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Kim Jong, Trump Commit To Restart Repatriating Remains From North Korea

13 June 2018

U.S. President Donald Trump agreed that denuclearization of the Korean peninsula would require a step-by-step approach and made a number of other concessions, North Korean state media reported on Wednesday after his historic meeting with leader Kim Jong Un.

Ms Bishop has cautiously welcomed the overall progress in the summit but warned North Korea's denuclearisation must be thoroughly verified and dismissed Mr Trump's concession on military exercises.

They showed us that when it comes to denuclearizing a peninsula, every word matters. Pyongyang has since pulled out of the nuclear non-proliferation treaty, built a complete nuclear fuel cycle, assembled an arsenal of nuclear weapons and developed the missiles to fire them.

And let's not forget to thank Dennis Rodman, who, five years ago, tried to tell President Obama that Kim Jong-un was open to talking. At the same time, the spokesman didn't condemn the decision, and Seoul has repeatedly pressed for a cautious approach to North Korea rather than the hasty agreement that Trump and Pompeo had originally pursued. He described it as a failure that got nothing, at a cost of $3 billion in giveaways. He even adopted North Korea's language for the exercises, calling them "very provocative". It committed North Korea to accept worldwide inspections and stay in the non-proliferation treaty, under which its pursuit of a nuclear bomb was illegal.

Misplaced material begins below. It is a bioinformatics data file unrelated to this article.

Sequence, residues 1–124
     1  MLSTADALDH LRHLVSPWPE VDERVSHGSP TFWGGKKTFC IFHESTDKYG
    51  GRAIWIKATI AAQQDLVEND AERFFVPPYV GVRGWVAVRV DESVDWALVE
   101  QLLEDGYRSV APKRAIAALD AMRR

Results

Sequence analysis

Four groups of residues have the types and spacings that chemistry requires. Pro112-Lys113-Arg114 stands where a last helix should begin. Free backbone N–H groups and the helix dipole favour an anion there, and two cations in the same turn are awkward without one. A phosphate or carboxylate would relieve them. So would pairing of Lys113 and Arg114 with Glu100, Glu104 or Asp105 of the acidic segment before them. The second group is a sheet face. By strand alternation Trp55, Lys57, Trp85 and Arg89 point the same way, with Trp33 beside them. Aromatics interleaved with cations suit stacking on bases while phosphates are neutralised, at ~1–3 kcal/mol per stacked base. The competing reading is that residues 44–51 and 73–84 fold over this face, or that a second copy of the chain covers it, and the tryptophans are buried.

Bishop said the sanctions against North Korea remained in place and would not be removed until such time as North Korea had proven it has dismantled its nuclear weapons program. Tuesday's statement made no mention of inspectors.

In a blockbusting press conference after the summit, Trump said the USA would halt military exercises with Seoul - something long sought by Pyongyang, which claims the drills are a rehearsal for invasion.

White House officials also arranged for the video to be played for reporters at Mr Trump's post-summit news conference.

"We would like to seek an understanding of this between Japan, the US and South Korea", Japan's defence minister, Itsunori Onodera, said.

Trump had been scheduled to fly back to Washington tomorrow morning after spending today with Kim in Singapore, but on the eve of the summit, he altered his schedule, opting to return at about 8pm today after a full day of meetings with Kim - nearly 15 hours earlier than previously anticipated.

Many North Korea watchers have noted that the Singapore summit agreement lacks substance, despite Trump touting it as "very comprehensive".

"At best this is a tentative beginning down a road that will take many years, " he said by phone. "It doesn't spell out the pacing or sequencing for action-for-action steps, it does not - and nor did President Trump in his press conference - suggest they have agreed definitions on what denuclearization entails and what a creating a peace regime specifically entails".

"Sanctions are a means, not an end", Geng said.

Still, said Kovrig, it is too early to judge the summit either way.

After greeting each other, the two leaders planned to sit for a one-on-one meeting that a U.S. official, speaking on condition of anonymity, said could last up to two hours, with only translators joining them.

Trump's pledge to end joint exercises with South Korea without explicit concessions from North Korea to lower the military threat posed by Pyongyang took South Korean and USA military officials by surprise.

The US and South Korea suspending their military exercises in exchange for the North stopping its missile launches and nuclear tests is the exact situation China wants to see on the peninsula.

Kim Jong, Trump Commit To Restart Repatriating Remains From North Korea